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Supply chain monitoring helps to control risk


A “game-changer” risk management element of the Food Safety and Modernization Act requires regulated companies to better monitor and manage their supply chains, experts say.

The law’s hazard analysis and riskbased prevention controls framework requires that regulated entities have a written food safety plan that includes hazard identification; process, food allergen and sanitation controls, as well as supply chain controls and a recall plan; and monitoring, corrective action and verification mechanisms, according to the U.S. Food and Drug Administration.

In response to the fact that about 15% of the U.S. food supply is imported, the law also requires food importers to verify that food imported into the country has been produced in a manner that meets applicable U.S. safety standards.

These FSMA requirements place the onus on regulated companies to ensure that someone in the supply chain is responsible for mitigating the risk of foodborne pathogens, such as listeria or salmonella, because many recalls are related to a supplier distributing contaminated ingredients to other entities, said Melanie Neumann of food safety law firm Neumann Risk Services L.L.C. in Frankfort, Illinois.

For example, a potato chip manufacturer who sprinkles black pepper on its product after baking or frying is not controlling the well-known salmonella risk associated with black pepper, she said. The FSMA requires the manufacturer to question the supplier on steps it is taking to control salmonella risk. If the supplier is not taking steps to mitigate the risk, it must inform the manufacturer and receive a written response from the manufacturer taking responsibility for mitigating the risk.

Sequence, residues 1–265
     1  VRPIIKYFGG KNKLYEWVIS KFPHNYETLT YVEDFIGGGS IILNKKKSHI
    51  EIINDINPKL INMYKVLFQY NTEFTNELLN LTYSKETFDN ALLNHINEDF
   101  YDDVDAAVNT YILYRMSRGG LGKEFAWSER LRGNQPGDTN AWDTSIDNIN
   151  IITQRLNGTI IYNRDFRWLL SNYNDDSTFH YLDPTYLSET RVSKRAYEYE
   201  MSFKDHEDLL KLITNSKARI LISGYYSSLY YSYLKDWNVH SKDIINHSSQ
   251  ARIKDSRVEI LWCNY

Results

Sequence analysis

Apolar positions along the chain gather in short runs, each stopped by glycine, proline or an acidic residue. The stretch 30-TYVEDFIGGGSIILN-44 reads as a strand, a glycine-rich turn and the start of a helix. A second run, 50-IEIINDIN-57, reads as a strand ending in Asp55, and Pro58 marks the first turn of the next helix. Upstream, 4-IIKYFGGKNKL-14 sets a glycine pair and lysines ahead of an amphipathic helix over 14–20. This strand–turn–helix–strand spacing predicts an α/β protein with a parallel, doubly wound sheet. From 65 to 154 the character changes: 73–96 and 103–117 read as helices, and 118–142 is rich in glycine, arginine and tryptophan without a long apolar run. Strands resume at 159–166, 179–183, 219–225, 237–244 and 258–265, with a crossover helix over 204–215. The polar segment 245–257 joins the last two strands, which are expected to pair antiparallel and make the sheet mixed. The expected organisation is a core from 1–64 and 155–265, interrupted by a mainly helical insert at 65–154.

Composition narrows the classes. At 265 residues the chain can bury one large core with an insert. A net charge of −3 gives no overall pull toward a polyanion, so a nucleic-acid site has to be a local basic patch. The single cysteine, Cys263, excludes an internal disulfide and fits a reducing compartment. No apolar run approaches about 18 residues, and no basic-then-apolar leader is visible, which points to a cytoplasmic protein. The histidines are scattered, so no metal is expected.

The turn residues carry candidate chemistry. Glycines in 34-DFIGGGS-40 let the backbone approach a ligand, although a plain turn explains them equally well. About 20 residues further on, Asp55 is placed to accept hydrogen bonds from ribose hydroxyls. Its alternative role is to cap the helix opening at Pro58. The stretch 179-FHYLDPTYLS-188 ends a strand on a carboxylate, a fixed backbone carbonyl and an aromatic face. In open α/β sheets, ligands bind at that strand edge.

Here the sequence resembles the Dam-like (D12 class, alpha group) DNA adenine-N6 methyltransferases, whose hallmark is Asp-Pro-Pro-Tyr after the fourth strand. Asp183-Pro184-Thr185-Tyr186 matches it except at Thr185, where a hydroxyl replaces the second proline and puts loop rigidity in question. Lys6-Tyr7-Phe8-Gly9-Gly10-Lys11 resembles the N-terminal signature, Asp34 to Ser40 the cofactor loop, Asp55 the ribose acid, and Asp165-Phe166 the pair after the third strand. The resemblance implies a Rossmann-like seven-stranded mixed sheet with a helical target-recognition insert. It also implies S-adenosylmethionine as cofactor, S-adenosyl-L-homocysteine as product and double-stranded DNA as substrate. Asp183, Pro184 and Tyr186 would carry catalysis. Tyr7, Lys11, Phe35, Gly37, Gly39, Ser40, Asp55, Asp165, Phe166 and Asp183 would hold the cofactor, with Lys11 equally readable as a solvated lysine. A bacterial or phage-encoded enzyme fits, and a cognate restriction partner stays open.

“Someone in the supply chain has to control the risk,” Ms. Neumann said.

“These rules really up the ante and up the need for communication in the supply chain and partnership with your suppliers and your customers.”

The requirements have important implications for a food producer’s supply chain because they mandate better record keeping and retention of records. Such detailed records allow the FDA to trace more quickly the source of contamination, possibly within 24-48 hours, rather than the months it took to track the source in the past, she said.

“There has to be this paper trail back and forth about who is controlling the risk,” Ms. Neumann said. “Before FSMA, there was none of that. Really what it does is it gives FDA this bread crumb trail back to the whodunit if there is an outbreak.”

Full traceability is only a matter of time, said Gillian Kelleher, vice president of food safety and quality assurance for Wegmans Food Markets Inc. in Rochester, New York. The FDA launched pilot programs in September 2011 to help determine what data is most needed to trace a product that has been widely distributed in the marketplace back to a common source, and is engaging in a rule-making on record-keeping requirements for high-risk foods to facilitate tracking, according to the agency.

“We have traceability in some fashion today, but some of it is sophisticated, some of it is primitive, some of it takes ages, some of it is old-fashioned,” she said “It’s all coming together.”